For a long time, I have used the role renegotiation model as a way of analysing relationships. This model acknowledges that all committed relationships – marriages, churches, tribes, families, clubs, whatever – have boundaries: there is a limited set of participants in the relationship and there are rules about who these participants are.
If there are no boundaries then there is no relationship. People who participate in the relationship have expectations about how others in the relationship will behave and expectations about how they themselves will behave.
In a sense, a relationship is an agreement – made formally or informally, consciously or unconsciously – about what these expectations are. Relationships break apart when expectations are not met, so it is important to know what the expectations are, and how breaches in expectations can be repaired.
Now I'm telling you all this because much of today's 14 hours of General Synod was spent dealing with issues of membership.
The day ended with a motion requesting Synod to define membership, and the matter wasn't taken terribly seriously. We Anglicans don't like defining our membership, and we don't like anything which might suggest we are excluding someone, which is a nonsense really, if the role renegotiation model has anything to tell us.
The motion was dismissed fairly quickly, but the other matter which relates to membership was not quite so easily ignored. Much of the morning was taken up talking about the Covenant.
Now I'm not going to spend a lot of time at this hour of the night talking about the Covenant but if you haven't heard of it, or don't know why we are talking about such a thing, as about 80% of Anglicans and about 99% of non-Anglicans don't, you'll find an account of it here.
The Covenant is not something that individual Anglicans adhere to, or even individual dioceses; it is, rather, something that entire provinces of the Anglican Communion are invited to sign up for en masse.
Getting all of us in the Anglican Church of Aotearoa, New Zealand and Polynesia to agree is going to be quite a task but necessary, I suppose, if you think that the ultimate aim is to have the Covenant encompass all 80 million people from around the globe who identify themselves as Anglicans.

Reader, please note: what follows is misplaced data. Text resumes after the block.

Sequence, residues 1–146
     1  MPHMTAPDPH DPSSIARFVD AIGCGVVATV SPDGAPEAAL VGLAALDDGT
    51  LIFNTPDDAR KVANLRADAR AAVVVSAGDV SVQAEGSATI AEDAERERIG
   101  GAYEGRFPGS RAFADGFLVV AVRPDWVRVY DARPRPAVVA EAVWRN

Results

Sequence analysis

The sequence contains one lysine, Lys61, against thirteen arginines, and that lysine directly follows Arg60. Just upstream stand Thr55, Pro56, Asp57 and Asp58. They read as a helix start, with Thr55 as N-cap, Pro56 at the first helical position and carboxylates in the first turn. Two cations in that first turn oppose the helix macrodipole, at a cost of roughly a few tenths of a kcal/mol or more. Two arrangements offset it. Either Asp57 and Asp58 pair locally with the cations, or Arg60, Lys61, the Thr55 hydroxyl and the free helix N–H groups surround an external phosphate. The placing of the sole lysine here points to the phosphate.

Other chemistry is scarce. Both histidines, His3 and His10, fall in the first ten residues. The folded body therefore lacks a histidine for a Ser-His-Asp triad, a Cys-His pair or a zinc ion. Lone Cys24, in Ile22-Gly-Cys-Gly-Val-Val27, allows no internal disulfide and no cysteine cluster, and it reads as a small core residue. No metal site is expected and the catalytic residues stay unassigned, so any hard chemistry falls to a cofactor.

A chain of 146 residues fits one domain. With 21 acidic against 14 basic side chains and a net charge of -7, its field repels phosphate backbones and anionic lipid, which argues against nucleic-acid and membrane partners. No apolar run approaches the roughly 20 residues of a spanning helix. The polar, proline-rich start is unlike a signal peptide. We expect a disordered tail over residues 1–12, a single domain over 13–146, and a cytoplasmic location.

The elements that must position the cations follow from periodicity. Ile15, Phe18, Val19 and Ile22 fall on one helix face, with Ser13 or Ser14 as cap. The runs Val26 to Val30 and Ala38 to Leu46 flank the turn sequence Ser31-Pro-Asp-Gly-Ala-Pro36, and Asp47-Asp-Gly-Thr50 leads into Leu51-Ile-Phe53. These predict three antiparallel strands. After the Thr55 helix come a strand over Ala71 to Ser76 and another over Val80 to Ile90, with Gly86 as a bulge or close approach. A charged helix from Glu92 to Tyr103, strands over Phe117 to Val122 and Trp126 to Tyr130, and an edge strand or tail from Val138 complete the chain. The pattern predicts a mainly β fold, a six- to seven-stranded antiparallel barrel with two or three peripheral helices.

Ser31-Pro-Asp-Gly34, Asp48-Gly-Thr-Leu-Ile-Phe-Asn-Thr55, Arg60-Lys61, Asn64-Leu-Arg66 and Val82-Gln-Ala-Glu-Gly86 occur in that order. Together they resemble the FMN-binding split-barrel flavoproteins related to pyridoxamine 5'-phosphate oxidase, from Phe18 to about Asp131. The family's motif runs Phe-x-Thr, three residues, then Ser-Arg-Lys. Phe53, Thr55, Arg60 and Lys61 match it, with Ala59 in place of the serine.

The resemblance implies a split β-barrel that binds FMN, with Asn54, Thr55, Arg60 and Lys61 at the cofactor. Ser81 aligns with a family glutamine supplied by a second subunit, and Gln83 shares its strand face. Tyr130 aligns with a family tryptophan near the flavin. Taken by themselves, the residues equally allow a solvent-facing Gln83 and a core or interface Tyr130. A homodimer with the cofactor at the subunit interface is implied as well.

What happens if we breach expectations?
The text of the Covenant has four sections. The first three define what it means to be an Anglican church with regard to practice and belief. In terms of the role renegotiation model they define expectations: what we might expect an Anglican province – ours or someone else's – to believe and how we might expect them to act.
So far so good: we can more or less agree on these three.
It's when we turn the page and start to read Section 4 that our Anglican livers become all lilyish, because Section 4 defines what will happen if we breach the expectations laid out in the first 3 sections.
Not that the penalties are all that severe; we are Anglicans, after all. It seems that the ultimate threat will be exclusion from some committees and boards and commissions and so forth, which, after 14 hours of synod, holds less horror for me than it might have done at 7:00 this morning.
But as the lawyer in The Castle said, it's the whole vibe of the thing that counts. It's the prospect of the worldwide Communion breaking up because we can't reach agreement on basic doctrinal and ethical issues which lies behind the Covenant.
It's the fear of us in Aotearoa/New Zealand finding ourselves excluded that causes us angst. This fear is the impetus for signing up, and, paradoxically, it's also one of the reasons we are so reluctant about committing ourselves.
The other reason for being nervous about the Covenant is, of course, a deep uncertainty about who we are. What is an Anglican? It seems we are a bit anxious about even asking the question.
So, faced with this uncertainty, we have taken a truly Anglican stance on the Covenant. After agreeing in principle to the first three sections, we have decided to talk about it for another two years before making a decision one way or the other.
Who knows? Perhaps in the time before the next General Synod we will come to some agreement on Anglican identity which will enable us to make a principled stand together, either for or against the Covenant and nobly bear whatever consequences may arise from that decision.
Or perhaps we are secretly hoping that events will have overtaken us before we need to commit ourselves one way or the other.
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